Inga Alenir, the main character, has changed roles several times from a sort of all-powerful Necromancer ice queen antagonist, to a vengeful, warring anti-hero more resembling the character of Katarina, Inga’s great-grandmother and inciter of a world war, until she finally took final shape as a reluctant heroine in a very personal revenge story.

I find the Spellswords fascinating, particularly Deathbringer. Can you discuss your blade lore at all? What can we look forward to as the series progresses?

Oh man, I could talk about blade lore all day.

Barring some reveals I want to keep to myself for the story itself, some of the lore is mentioned in the book: a powerful threat appeared centuries ago in the form of Worldbreaker, the “first Spellsword.” Other swords, including Deathbringer, were created to counter Worldbreaker and ultimately both its user and the Spellsword were defeated…but not destroyed. The question of where Worldbreaker is now and what to do about it is something I intend to answer by the end of the story.

These weapons might be powerful, but they’re also viewed by their owners and their families as being a curse as much as a blessing. The entire family history of Inga Alenir was forever changed because of the Deathbringer, a weapon that might be evil…or might just be misunderstood.

I like contrasts and conflicts in the stories I write, and the idea of someone owning a super weapon that they’d rather not own at all is an interesting idea to me, and it’s something I hope to expand upon as the story continues. I’m also not sure how much of a spoiler it might be, but I will also say that not all Spellswords are created equal, and they weren’t all created at the same time, either.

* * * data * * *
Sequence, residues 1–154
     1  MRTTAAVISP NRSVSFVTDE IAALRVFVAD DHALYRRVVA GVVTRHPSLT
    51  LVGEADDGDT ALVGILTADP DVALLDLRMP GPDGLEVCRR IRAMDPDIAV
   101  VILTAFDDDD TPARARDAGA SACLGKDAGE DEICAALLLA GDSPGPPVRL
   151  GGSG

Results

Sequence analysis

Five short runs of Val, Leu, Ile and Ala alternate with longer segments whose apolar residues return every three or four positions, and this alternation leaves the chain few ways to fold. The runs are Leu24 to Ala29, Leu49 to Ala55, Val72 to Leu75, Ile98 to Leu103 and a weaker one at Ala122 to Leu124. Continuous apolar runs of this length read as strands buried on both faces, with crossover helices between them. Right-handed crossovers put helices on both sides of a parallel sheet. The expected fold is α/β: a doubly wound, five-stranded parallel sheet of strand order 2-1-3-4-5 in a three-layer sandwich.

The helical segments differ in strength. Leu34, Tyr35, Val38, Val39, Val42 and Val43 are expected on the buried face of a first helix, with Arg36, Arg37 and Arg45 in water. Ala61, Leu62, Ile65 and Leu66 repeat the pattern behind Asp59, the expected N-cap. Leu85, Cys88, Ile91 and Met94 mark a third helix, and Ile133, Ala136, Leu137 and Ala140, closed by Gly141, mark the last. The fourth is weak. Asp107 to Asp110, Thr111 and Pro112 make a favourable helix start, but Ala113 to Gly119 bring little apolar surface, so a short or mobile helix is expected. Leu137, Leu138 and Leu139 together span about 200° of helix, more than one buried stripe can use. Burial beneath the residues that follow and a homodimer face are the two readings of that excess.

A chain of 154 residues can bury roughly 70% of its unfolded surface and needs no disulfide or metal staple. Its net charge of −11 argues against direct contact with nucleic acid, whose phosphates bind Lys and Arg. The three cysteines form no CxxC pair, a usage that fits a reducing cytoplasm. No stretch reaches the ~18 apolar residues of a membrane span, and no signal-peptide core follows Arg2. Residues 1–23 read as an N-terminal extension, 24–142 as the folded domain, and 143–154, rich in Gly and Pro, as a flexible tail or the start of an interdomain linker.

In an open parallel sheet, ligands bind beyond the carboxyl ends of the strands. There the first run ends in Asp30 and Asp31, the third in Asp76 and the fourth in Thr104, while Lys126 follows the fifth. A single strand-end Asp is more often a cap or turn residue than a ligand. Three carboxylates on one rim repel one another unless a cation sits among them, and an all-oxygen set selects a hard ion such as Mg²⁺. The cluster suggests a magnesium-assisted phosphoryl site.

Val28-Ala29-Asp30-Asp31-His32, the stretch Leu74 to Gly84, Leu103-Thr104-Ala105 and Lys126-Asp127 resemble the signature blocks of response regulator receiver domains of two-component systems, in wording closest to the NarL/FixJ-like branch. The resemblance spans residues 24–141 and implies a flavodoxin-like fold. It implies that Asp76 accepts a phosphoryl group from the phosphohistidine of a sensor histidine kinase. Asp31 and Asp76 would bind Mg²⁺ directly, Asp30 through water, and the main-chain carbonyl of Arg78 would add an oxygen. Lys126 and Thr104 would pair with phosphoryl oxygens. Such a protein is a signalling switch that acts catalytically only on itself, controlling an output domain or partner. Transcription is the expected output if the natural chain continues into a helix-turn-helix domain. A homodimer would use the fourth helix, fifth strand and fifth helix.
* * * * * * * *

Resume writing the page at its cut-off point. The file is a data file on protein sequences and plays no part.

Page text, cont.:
Deathbringer by Blake Carpenter Original Book Cover
Deathbringer’s original cover, featuring the titular spellsword

Your book is getting a brand new cover! What did you like about the original? What inspired the changes?

I’ll admit having a soft spot for the original cover. My friend Mike Gallagher (@MissingByline on X/Twitter) was gracious enough to make the cover for me when I was broke and could afford a cover priced somewhere between “free” and “free,” and he made what I felt like a visually-striking image of Deathbringer (the sword).

But I also knew Deathbringer (the book) was part of a larger series and I wanted the covers to be visually consistent, so Mike was gracious enough to give me his blessing when I asked him about getting a new cover. The new cover art was created by MiblArt (@miblart) who also designed the cover for my other book, The Way of Mortals, and I was so pleased by that one that I went back to ask if they’d make a new cover for Deathbringer as well.

The Way of Mortals by Blake Carpenter book cover
Blake Carpenter’s most recent release

You released The Way of Mortals, the first book of a new series, just a few months ago. Your short stories have also appeared in anthologies such as Swords and Maidens and our own Periapsis Christmas 2. How does Deathbringer compare with the other stories you have written?

Deathbringer (and the Spellswords Saga as a whole) would probably be the one story that’s stuck with me the most—some of the earliest concepts for it have been rattling around in my head for over 30 years at this point. So I might say the story is the “most personal,” in that I definitely want to get it told while I have the chance.

Your story in Swords and Maidens is also a revenge tale, but from a very different perspective and with a different thematic conclusion. Can you comment on that?